The Poem

(Critical Guide to Poetry for Students)

“Kittens” is a long poem written in free verse; its short lines are grouped into ten stanzas. It is an elegy, a poem written in grief or mourning. This poem is also a song, a lyric lament for Robert Peters’s son Richard, who died suddenly in childhood. It laments unfulfilled wishes and lost promise. The poem is generated by the boy’s wish to have kittens and his father’s wish that his son had lived to experience more of the world.

The poem begins with the kittens that finally did come to fulfill the child’s wish—after his death. They are filled with energy and life: “plump dark woolly cats/ with eyes like olives/tumbling/ on the floor . . ./ lapping up blue milk.” Only “death-day/ morning” and perhaps the milk’s tinge suggest an elegy. In addition, the stanza that follows, a finely paced account of the birth of the kittens, celebrates abundance and beginnings. The kittens, “fur wet like licorice,” “fell/ into a land of honey.” The description of the births, although precisely detailed, conveys the mystery of the event.

In stanzas 3 and 4, however, the poem moves with fortitude and resignation into the body of another mystery: death. The poet describes the breakfast conversation during which the boy expressed his wish for kittens. His last wish, however, was rejected that “wish-day/ death-day” by his father, who tried to explain about pets:

“they die.Their little toescurl up like leaves,their waxy eyes go shut,their tails hang limptheir whiskers...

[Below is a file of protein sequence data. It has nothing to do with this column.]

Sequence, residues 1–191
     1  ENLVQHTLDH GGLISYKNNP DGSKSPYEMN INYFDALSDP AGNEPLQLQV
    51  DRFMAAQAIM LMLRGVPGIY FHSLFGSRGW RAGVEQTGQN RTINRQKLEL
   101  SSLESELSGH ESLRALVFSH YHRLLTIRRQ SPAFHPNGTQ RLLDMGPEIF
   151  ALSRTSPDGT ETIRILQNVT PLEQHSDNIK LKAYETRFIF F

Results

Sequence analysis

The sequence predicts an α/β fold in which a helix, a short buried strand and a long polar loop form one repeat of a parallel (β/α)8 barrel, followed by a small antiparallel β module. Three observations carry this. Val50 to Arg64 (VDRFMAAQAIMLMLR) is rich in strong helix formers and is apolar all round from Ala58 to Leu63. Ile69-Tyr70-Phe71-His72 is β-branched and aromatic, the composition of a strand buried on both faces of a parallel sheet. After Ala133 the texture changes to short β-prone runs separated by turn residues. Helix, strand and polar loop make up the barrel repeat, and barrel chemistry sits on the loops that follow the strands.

(The entire section is 703 words.)

Forms and Devices

(Critical Guide to Poetry for Students)

“My poems to my son were meant to give the illusion that a five-year-old child could understand them” says Peters. His language in “Kittens” is therefore direct, his rhythm plain, and his diction simple. Although the poem is not really written for a five-year-old (the metaphors and allusions are grown-up, and some of the vocabulary is too hard), the poem nevertheless is simple. This surface plainness allows a clear-eyed rumination on the boy’s death, on life and death, which does not fall prey to gross sentimentality or overlush expressions of sorrow. The poet/speaker simply talks; on the surface, he shares what happened.

The poems in Songs for a Son grew out of an emotionally charged situation and thus are blessed with a sudden abundance of energy that peaks, seemingly paradoxically, and turns into musical celebration at precisely the moments of greatest sorrow and pain. A good example in “Kittens” is the indented final lines of the seventh stanza, which lead to the jumbling, joyful liveliness of the next stanza. The short lines help sustain this energetic movement; the poem moves quickly through thoughts and memories.

In “Kittens,” the stanzas vary in length. Their form is loose enough to accommodate the varying needs and depths of the scenes. The poem’s temporal movement from scene to scene (stanza to stanza) gives the poem a narrative shape. It has chronology and various settings, both of which are familiar components of storytelling. The narrative begins in the speaker’s present, moves back in time to the death-day, moves further back in time to the funerals of Snake and Mouse, comes back to the death-day, and finally returns the reader to the present and the new kittens. Thus the poem is a cycle that examines, celebrates, and reveres, by means of the child’s death, the basic cycle of birth, life, and death. The sections of the poem represent eras in the boy’s short life.

What lends the poem further unity is that, like a talisman, the wish, which is directly referred to in four stanzas and is implicitly there in the rest, becomes almost an entity, a being with its own life that must be protected. An abstraction somehow concretized, it becomes an energy source in the poem, especially when it is fulfilled by the birth of the kittens.